I am one of the folks who believes that there is a lot to be admired about the music from the 8-bit era of video games, and I believe that there is a lot that contemporary composers can learn from this body of work. If you listen closely, you can hear how composers writing for the NES learned to treat these sounds as instruments, not just sounds, and how they managed to create music, instead of just noise.
Ah, the kung fu flick. That amazing period in the 1970’s when a revolution in Chinese cinema barged its way into America. Over the decades it’s congealed in the global consciousness to also include funk, blaxsploitation and hip hop characteristics. It is from this muddled soup that several games have sipped their inspiration and one of the latest is Kings of Kung Fu. The setup is clever with Hollywood stuntman, Red Ronin (the game’s Sho’nuff stand-in), holding a fighting tournament amongst his fellow stuntfolk for a starring role. It’s a great conceit to bring lookalikes from the history of kung fu together in a one-on-one fighter. After the jump I’ll dig into the funkiest part of the game, it’s soundtrack.
Rhythm games are an interesting genre in the gaming world. The titles can often feature wildly different mechanics or provide game changing twists on familiar formula’s. One of the more popular entries emerged back in 2008 with Dylan Fitterer’s puzzle/rhythm hybrid Audiosurf. The game had a simple premise. Use the music in the player’s existing music library to generate three lane block highway patterns, similar to the note lanes of Amplitude or Rock Band, and challenge the player to collect and form clusters of three or more of the same color blocks with a spaceship avatar. After over half a decade, a sequel to the original game is finally out in the form of Audiosurf 2.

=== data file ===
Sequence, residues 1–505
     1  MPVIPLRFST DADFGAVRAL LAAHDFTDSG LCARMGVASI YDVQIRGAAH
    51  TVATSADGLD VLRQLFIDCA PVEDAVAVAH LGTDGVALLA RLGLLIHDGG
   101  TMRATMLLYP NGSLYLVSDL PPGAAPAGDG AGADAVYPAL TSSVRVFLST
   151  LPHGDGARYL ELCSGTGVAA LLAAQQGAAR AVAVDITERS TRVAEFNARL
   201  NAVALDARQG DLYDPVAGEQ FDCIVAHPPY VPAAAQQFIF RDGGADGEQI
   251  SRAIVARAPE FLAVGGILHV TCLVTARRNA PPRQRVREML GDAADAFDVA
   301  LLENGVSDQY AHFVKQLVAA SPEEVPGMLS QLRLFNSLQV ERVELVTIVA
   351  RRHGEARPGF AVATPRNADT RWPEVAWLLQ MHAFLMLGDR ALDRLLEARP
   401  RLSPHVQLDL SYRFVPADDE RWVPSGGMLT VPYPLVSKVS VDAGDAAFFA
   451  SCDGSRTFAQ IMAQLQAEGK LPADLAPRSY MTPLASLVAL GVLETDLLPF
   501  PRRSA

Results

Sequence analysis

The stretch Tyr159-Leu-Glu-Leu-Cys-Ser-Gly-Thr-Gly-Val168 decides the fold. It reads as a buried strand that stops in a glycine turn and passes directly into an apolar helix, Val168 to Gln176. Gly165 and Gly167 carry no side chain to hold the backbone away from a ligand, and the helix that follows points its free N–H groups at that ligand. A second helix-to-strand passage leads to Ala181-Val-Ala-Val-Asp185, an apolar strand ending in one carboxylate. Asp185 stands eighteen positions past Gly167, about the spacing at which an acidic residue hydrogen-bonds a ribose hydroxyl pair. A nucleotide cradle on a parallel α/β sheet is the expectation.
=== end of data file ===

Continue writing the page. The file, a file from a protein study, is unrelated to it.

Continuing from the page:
I never played the original game back when it was released, so this sequel will be my first time with the series. Because of that, this review will be an examination of Audiosurf 2 on its own merits and I will not be comparing it to its predecessor. While I’m aware that many of the modes and mechanics have been carried over to this latest title, you’ll only be getting my perspective on how they work in this game. With all that said, let’s take a look at Audiosurf 2. (more…)
For the sequel to a Flash game created by a 30-something guy and his 8-year-old daughter, you may not expect the music of Super Chibi Knight to be much of anything. From that description, you may not expect the game to be anything either but it promises a nostalgic mix of platforming and action/RPG in the pre-64 Legend of Zelda style. A new wrinkle is the sorcerer/beastmaster dynamic which changes how Super Chibi Knight plays, which areas you’ll see and how the game winds up. It’s super expanded from the original Chibi Knight and looking at this tracklist makes that extra apparent.